The white residue on your aquarium glass is usually either limescale or salt creep. While they both may not be harmful to the creature inside, the chalky haze still obstructs the magnificent view of your aquaponics system.
To restore your fish tank to its former glory, you must know how to clean aquarium glass white residue. Learning the correct methods will not only allow you to enjoy the fish’s vibrant colors again but also ensure that you don’t accidentally harm your aquatic pets in the process.
So, how do you get rid of film on top of water in fish tank? Keep reading.
Table of Contents
Guide to Clean Aquarium Glass White Residue
What to Prepare
You need the following items to remove hard water stains from glass fish tank. Additional materials are necessary, depending on the method of white residue removal.
- Fish net
- A clean and empty tank (or container/plastic cup)
- Scraper or razor
- Spray bottle
- Vinegar or any weak acid
- Rock salt and a sponge
- 1000-grit sandpaper or pumice stone
Step 1: Transfer the fish to another tank or container.
Get a siphon and transfer about 50% aquarium water to a clean, empty fish tank or container. Alternatively, you can use a large plastic cup.
Reserve this water because you will also return it to the fish tank after cleaning.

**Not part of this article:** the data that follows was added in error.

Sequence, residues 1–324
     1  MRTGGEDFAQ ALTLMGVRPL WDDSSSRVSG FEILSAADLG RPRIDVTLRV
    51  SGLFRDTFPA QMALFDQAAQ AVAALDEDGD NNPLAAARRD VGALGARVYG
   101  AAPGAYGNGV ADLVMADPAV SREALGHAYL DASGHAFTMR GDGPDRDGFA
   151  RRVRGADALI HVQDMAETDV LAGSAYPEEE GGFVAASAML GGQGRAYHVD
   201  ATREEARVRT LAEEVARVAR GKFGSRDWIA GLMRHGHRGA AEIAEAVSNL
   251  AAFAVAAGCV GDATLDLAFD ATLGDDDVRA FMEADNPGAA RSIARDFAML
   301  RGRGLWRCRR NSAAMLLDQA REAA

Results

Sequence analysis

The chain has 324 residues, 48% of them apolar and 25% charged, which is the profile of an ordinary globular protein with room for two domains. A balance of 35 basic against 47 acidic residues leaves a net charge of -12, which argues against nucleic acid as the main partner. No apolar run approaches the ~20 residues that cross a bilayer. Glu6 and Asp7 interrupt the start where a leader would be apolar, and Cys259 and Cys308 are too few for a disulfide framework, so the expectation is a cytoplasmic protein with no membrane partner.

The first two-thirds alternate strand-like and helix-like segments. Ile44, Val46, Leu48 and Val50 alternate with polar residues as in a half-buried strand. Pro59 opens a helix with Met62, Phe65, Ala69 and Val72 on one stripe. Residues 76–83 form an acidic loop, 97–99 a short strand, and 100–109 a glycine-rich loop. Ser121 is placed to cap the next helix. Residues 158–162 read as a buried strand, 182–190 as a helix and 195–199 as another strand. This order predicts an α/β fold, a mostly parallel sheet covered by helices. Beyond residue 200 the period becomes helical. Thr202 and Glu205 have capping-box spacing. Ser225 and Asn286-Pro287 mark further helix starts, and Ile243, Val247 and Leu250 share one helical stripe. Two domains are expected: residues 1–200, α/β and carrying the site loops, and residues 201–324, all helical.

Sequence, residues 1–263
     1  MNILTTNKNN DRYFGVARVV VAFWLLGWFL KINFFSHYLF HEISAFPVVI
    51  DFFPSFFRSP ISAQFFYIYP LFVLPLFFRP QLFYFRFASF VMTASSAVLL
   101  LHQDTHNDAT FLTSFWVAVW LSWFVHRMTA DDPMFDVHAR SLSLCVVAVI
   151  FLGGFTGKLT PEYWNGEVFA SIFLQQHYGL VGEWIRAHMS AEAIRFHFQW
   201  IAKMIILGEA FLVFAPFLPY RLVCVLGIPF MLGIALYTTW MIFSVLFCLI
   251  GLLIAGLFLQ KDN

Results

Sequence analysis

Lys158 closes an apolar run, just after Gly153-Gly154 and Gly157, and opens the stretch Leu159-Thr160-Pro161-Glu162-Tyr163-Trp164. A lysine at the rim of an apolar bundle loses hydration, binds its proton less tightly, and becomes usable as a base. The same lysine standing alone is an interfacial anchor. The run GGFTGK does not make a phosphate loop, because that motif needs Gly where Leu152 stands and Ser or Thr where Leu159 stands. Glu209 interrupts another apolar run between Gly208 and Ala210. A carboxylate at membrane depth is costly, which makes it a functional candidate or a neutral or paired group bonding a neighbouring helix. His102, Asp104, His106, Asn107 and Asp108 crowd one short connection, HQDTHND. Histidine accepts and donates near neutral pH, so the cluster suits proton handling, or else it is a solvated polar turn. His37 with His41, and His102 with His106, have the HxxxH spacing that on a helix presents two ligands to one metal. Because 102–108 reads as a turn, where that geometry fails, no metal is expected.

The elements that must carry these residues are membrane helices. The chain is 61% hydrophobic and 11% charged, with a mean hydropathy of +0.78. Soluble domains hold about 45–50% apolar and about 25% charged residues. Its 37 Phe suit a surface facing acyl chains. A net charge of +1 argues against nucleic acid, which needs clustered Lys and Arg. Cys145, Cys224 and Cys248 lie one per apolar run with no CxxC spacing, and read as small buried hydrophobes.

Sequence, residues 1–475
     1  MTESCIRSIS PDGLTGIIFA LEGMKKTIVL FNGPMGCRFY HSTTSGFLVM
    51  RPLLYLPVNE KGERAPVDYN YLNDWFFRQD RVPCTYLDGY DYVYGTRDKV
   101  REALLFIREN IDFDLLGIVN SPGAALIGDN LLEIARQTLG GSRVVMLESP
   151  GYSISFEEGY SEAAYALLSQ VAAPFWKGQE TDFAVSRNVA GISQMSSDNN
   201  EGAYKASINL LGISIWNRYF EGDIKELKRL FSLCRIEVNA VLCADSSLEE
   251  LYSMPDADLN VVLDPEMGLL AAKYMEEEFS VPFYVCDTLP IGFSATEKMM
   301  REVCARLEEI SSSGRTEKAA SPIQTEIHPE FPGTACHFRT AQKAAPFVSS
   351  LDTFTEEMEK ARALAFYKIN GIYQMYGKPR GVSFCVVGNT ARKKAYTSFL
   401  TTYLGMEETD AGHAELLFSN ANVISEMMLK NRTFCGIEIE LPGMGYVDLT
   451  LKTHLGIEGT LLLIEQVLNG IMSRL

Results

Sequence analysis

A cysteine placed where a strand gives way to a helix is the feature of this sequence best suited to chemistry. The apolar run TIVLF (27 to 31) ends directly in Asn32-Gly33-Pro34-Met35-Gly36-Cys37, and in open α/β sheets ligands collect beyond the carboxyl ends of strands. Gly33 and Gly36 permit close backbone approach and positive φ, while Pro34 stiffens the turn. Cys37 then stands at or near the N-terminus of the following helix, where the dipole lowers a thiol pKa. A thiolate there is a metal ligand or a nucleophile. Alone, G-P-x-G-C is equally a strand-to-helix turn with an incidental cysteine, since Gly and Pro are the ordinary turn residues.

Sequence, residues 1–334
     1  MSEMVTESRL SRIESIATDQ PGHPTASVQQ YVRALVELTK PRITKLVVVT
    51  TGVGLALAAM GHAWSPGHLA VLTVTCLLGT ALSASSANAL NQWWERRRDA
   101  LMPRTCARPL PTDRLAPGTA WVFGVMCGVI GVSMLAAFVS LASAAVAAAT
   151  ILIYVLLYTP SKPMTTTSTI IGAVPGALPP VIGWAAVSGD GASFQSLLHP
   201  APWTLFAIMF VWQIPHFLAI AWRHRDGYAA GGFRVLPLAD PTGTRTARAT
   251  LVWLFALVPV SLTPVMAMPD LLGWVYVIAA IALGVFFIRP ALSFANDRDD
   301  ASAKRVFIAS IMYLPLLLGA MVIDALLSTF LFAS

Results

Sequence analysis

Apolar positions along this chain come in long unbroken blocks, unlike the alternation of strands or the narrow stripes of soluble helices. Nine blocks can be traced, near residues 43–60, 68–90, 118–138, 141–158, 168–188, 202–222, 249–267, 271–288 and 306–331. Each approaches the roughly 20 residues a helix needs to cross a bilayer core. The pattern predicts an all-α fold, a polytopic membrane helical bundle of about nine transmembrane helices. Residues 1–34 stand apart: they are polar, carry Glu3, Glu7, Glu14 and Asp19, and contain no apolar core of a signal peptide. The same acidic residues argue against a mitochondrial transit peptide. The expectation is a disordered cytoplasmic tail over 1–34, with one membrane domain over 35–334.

Grab your fish net and gently scoop fish from the tank one by one. Transfer each fish to the container with the original water. Be gentle in handling your fish to avoid stressing them.
For other aquatic creatures, such as shrimps, put them into a separate container with water from the tank as well.
Step 2: Remove accessories, decorations, and other livestock.
Disconnect all fish tank gadgets (i.e., water filtration systems, UV lights, bubblers, and heaters) and keep them in a box.
Pick all decorations from the fish tank (i.e., rocks, wheels, hideouts, fake plants, and other ornaments) and keep them in another container separate from the electronics.
Step 3. Empty the fish tank.
Siphon the remaining water from the fish tank. Alternatively, you can scoop the water out with a small pail large cup. You can also tilt the aquarium to drain the water. However, be careful when tilting the fish tank to avoid breaking it.
Remove the substrate, too. We recommend pouring the substrate into a strainer or sieve, especially if you have gravel.
Pick all loose debris, such as leaves, twigs, and other objects. Set aside the substrate.
Step 4: Clean the aquarium glass.
You are now ready to get hard water stains off aquarium glass. We will explore four methods in this section.
1. Use a scraper or razor blade